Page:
Sen. Dan Sullivan warned Biden and his incoming cabinet members against going weak on China. In a Jan. 26 address on the Senate floor, he noted that “maybe too many” of Obama’s team have come on board with Biden. He said we need fresh views to deal with a changing world, especially with regard to China.
Sullivan focused in on the term “strategic patience,” which Biden’s White House Press Secretary used this week to describe the new president’s approach to foreign policy with China. Sullivan noted that this approach, which Obama took with North Korea, allowed that nation to build up a nuclear arsenal.
“So, I was very surprised yesterday to hear the White House press secretary trot out this term again – strategic patience – but this time when talking about the Biden administration’s policy with regard to China,” Sullivan said. “This is almost certainly music to China’s ears – the leadership of China, because it’s kind of subtle green light to Xi Jinping and the other authoritarians in China that its failure to uphold promise after promise to the United States – something I refer to as ‘promise fatigue’ that we have here.”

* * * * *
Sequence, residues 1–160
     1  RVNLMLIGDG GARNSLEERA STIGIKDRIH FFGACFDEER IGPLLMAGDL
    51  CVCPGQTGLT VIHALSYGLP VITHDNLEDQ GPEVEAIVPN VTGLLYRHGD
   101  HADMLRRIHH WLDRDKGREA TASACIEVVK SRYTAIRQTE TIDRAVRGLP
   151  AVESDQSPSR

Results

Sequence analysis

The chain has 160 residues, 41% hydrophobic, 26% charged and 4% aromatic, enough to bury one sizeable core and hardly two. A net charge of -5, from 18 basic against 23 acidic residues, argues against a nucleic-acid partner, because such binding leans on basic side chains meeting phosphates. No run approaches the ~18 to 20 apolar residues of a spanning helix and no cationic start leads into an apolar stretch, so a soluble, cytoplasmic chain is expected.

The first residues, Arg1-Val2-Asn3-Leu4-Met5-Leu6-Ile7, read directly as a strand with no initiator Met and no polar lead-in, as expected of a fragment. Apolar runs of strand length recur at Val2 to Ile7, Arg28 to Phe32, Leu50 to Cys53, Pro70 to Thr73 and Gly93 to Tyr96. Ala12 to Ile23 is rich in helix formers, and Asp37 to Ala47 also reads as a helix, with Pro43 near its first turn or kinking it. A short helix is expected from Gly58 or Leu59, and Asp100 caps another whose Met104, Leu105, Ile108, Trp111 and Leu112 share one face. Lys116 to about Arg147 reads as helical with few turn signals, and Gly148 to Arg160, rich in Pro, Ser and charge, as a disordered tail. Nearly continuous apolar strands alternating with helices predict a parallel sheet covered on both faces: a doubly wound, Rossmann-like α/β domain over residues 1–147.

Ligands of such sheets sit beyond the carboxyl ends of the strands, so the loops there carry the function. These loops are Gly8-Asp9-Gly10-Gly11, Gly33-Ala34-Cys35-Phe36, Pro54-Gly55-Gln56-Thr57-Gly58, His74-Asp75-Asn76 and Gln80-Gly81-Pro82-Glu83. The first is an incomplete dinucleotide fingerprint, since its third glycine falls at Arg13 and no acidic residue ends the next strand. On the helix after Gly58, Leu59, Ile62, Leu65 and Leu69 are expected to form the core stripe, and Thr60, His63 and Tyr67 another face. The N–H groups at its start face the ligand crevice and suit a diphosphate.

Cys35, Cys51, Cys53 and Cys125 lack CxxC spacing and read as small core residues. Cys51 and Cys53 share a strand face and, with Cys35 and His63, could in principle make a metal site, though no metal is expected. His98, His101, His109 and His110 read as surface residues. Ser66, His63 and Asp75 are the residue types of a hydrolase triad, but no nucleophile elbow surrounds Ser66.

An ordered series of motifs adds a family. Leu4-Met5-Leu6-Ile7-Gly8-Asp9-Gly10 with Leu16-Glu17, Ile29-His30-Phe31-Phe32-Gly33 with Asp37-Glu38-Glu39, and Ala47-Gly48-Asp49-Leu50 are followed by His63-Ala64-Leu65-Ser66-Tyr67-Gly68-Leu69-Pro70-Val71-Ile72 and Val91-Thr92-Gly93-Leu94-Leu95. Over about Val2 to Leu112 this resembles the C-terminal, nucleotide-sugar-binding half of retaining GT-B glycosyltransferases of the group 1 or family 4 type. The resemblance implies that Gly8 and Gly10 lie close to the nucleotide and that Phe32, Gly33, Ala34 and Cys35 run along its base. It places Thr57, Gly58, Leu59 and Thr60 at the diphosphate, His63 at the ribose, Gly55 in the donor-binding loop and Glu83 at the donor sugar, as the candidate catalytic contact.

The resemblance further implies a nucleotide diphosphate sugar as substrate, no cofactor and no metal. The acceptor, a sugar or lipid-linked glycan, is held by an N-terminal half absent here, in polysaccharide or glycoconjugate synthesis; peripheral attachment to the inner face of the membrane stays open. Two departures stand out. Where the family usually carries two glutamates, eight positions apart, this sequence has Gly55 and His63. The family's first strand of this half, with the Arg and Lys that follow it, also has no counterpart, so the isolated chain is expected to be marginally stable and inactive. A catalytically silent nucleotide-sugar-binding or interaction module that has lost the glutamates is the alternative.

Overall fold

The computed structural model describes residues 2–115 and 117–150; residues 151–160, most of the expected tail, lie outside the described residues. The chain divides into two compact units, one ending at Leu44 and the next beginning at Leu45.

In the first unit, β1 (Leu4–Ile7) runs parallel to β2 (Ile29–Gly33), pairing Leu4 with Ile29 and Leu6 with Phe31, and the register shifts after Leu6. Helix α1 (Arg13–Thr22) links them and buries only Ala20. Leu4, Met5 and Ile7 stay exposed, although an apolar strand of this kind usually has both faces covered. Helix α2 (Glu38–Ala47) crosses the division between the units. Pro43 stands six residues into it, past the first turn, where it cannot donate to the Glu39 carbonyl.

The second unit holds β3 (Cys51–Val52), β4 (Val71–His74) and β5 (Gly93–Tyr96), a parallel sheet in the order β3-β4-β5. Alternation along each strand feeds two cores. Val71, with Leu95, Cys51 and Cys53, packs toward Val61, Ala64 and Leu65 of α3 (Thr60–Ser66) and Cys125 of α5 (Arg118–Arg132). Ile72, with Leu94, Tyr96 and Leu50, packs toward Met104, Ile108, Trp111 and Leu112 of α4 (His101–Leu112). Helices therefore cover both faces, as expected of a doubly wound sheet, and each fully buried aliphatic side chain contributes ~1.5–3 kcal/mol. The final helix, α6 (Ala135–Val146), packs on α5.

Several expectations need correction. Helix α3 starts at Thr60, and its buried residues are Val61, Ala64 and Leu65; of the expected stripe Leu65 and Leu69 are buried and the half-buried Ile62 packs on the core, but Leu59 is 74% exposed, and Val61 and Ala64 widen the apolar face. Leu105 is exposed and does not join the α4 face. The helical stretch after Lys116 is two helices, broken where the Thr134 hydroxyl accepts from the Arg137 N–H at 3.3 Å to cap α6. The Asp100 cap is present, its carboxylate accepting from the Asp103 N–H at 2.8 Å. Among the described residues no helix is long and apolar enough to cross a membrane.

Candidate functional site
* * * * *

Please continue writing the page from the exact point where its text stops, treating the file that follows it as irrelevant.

Sullivan observed that China is the “biggest geo-strategic issue that we will be facing as a country for the next 50 to 100 years” and suggested that the “strategic patience” approach will only embolden them to continue attempting to dominate the South China Sea with the “militarization of that important strategic sea lane.” He also said it would do little to impede their intellectual property theft and many other challenges.
“The idea that we are going to have strategic patience, I think sends a signal to the Chinese that we don’t take these issues urgently,” Sullivan said. “Words matter, especially from the White House podium.”